Western Pa. abortion providers say they are seeing an increase in out-of-state patients post-Dobbs
The panelists discussed the effects that abortion bans in other states have had on clinics within the commonwealth, specifically bans imposed in Ohio, Indiana and West Virginia
Senate Democrats and members of the Pennsylvania Women’s Health Caucus hear from expert panelists in a hearing on Thursday, Aug. 11, 2022, about Post-Roe reproductive health care in Pennsylvania (Screen capture).
Abortion care providers and reproductive health advocates and experts told lawmakers in Pittsburgh on Thursday that an influx of out-of-state patients seeking abortion care is putting increased pressure on Pennsylvania’s abortion providers.
At a joint Women’s Health Caucus hearing at Chatham University in Pittsburgh, providers and experts in reproductive health care said that Pennsylvania, which has 17 facilities providing abortion care, has become an access point for pregnant persons seeking an abortion in neighboring states where bans have been implemented since the U.S. Supreme Court’s June 24 decision to overturn Roe v. Wade.
The meeting, which was the third in a series of hearings on reproductive health care in post-Roe Pennsylvania, focused heavily on the impact that the increased patient load and confusing and contradicting legal landscape has had on the commonwealth’s abortion providers.
“Our region has seen the effects of this decision almost instantly with the only two freestanding abortion clinics, Allegheny Reproductive Health Center and Planned Parenthood of Western Pennsylvania, taking on an influx of patient calls and visits,” Sydney Etheredge the president and CEO of Planned Parenthood of Western Pennsylvania, said.
Sheila Ramgopal, the CEO of Allegheny Reproductive Health Center, said that the center has seen an increase in patients and calls since the June 24 decision to overturn Roe v. Wade.
Ramgopal said the center has seen its call volume increase to 10 times pre-Dobbs v. Jackson – the Supreme Court case which overturned Roe v. Wade – levels and has seen its percentage of out-of-state patients climb from approximately 30 percent to between 60-70 percent.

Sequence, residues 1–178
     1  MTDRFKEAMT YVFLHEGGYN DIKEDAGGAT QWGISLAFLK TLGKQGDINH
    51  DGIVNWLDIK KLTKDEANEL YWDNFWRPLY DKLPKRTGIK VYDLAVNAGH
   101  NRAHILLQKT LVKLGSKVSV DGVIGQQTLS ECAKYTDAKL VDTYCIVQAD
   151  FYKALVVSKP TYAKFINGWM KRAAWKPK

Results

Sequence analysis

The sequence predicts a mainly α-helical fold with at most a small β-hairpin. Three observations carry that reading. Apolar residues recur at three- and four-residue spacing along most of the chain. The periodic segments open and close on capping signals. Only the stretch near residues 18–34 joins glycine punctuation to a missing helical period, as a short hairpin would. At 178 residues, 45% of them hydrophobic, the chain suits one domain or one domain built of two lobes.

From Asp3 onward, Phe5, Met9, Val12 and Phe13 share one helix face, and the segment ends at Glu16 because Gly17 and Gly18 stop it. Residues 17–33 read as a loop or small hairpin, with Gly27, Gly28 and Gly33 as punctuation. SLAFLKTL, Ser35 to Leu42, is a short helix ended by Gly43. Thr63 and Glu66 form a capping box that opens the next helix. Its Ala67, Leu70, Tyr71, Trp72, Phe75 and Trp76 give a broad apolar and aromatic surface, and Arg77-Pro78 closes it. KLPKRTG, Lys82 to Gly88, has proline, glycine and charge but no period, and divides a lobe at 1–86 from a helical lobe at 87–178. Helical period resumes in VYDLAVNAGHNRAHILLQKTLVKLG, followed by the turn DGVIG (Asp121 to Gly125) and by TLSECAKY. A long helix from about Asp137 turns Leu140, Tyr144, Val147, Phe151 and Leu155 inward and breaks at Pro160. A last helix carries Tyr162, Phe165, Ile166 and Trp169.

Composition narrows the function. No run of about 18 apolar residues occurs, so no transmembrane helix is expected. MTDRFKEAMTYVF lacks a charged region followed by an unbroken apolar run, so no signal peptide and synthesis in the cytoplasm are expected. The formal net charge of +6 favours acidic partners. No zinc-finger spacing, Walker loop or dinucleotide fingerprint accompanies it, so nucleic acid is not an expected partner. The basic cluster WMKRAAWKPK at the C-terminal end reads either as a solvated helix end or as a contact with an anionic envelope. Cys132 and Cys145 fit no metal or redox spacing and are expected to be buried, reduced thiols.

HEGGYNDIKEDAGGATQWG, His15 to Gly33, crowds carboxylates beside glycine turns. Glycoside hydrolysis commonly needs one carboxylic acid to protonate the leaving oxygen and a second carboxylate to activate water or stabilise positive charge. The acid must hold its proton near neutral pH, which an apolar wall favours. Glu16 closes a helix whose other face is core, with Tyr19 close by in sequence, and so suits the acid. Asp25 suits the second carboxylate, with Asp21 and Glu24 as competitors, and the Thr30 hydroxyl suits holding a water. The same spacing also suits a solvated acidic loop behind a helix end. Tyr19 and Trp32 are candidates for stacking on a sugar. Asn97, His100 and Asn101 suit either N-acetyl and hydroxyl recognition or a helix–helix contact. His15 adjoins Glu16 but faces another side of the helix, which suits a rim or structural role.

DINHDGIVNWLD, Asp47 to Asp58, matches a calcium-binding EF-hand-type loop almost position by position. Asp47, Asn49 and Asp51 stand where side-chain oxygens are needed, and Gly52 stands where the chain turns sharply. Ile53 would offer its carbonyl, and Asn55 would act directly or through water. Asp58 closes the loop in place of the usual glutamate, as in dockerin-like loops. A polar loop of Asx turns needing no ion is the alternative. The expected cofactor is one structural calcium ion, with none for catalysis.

“It’s only going to get worse,” Etheredge said, telling lawmakers that work is needed to increase care capacity at facilities providing abortion services to build “sustainable” infrastructure to adequately care for people seeking abortions both in Pennsylvania and beyond.
“As more states push abortion restrictions and bans, patients will continue to look to Pennsylvania as an access point for care,” Etheredge said. “With 85 percent of counties in the commonwealth without an abortion provider, only 17 clinics left in the state, and many providers still dealing with the impact of COVID-19 on our health care workforce, there is already so much we are all up against.
“Despite the strain, this has put on our centers–not to mention the challenges travel and other barriers can put on patients–our staff continues to do all they can to ensure that patients get the care they need when they need it,” she continued.
Panelists also did not hold back in sharing the challenges that abortion providers face in attempting to keep abortion costs low for patients.
Ramgopal said that the Allegheny Reproductive Health Center and other providers have largely been able to keep the cost of abortion services the same as they were in the 1970s – around $500 – despite the fact that the cost should be around $2,000 due to inflation.
Luckily, Ramgopal said, a ten-fold increase in donations to their local abortion fund since the Dobbs decision was handed down in late June has allowed the center to subsidize “nearly 100 percent” of the costs for those traveling from other states to obtain abortion care.
Panelists also expressed concern about how SB106, a constitutional amendment package that contains language stipulating that there is no constitutional right to an abortion in Pennsylvania, will affect access to potentially life-saving reproductive health care.
“Pennsylvania anti-abortion legislators passed an anti-abortion constitutional amendment in the middle of the night and behind our backs–without dialogue from advocates, providers, or patients,” Etheredge said. “The outcome has left many of us outraged as the process of amending our state constitution is being used to threaten our most basic and fundamental right: health care. It is clear we are confronting the fight for our lives.”
La’Tasha D. Mayes, a reproductive justice advocate and Democratic candidate for Pennsylvania’s 24th House District, told lawmakers that the constitutional amendment, which could go before voters as soon as May 2023, “won’t work.”
“The people of Pennsylvania will vote this amendment down in flames,” Mayes said.
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